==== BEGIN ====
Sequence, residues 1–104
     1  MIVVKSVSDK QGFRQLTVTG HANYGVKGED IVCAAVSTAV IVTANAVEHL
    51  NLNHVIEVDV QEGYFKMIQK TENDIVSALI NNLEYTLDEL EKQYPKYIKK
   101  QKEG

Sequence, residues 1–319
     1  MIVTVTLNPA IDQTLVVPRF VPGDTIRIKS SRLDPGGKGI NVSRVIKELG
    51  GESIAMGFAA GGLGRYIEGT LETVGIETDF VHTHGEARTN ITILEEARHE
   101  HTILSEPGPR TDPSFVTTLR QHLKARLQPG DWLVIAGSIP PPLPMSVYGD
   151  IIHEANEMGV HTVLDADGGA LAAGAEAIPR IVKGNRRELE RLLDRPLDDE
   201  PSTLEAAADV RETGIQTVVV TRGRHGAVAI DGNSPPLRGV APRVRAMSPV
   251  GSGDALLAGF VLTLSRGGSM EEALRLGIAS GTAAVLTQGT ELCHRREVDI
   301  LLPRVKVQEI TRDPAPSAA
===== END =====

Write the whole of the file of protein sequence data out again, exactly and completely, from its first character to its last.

Sequence, residues 1–104
     1  MIVVKSVSDK QGFRQLTVTG HANYGVKGED IVCAAVSTAV IVTANAVEHL
    51  NLNHVIEVDV QEGYFKMIQK TENDIVSALI NNLEYTLDEL EKQYPKYIKK
   101  QKEG

Sequence, residues 1–319
     1  MIVTVTLNPA IDQTLVVPRF VPGDTIRIKS SRLDPGGKGI NVSRVIKELG
    51  GESIAMGFAA GGLGRYIEGT LETVGIETDF VHTHGEARTN ITILEEARHE
   101  HTILSEPGPR TDPSFVTTLR QHLKARLQPG DWLVIAGSIP PPLPMSVYGD
   151  IIHEANEMGV HTVLDADGGA LAAGAEAIPR IVKGNRRELE RLLDRPLDDE
   201  PSTLEAAADV RETGIQTVVV TRGRHGAVAI DGNSPPLRGV APRVRAMSPV
   251  GSGDALLAGF VLTLSRGGSM EEALRLGIAS GTAAVLTQGT ELCHRREVDI
   301  LLPRVKVQEI TRDPAPSAA